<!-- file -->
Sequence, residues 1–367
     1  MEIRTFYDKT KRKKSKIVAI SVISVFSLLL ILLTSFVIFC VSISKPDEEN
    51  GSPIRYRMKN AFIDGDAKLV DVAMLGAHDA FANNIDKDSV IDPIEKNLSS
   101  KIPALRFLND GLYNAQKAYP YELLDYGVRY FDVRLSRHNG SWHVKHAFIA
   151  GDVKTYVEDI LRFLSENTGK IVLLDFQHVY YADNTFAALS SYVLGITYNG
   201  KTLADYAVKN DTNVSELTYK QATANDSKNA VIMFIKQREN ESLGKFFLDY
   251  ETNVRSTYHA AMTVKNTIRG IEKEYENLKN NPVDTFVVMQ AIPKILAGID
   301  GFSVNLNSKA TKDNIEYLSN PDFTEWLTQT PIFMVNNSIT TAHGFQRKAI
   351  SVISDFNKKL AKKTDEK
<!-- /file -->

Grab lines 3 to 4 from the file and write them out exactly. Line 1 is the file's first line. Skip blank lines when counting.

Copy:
    51  GSPIRYRMKN AFIDGDAKLV DVAMLGAHDA FANNIDKDSV IDPIEKNLSS
   101  KIPALRFLND GLYNAQKAYP YELLDYGVRY FDVRLSRHNG SWHVKHAFIA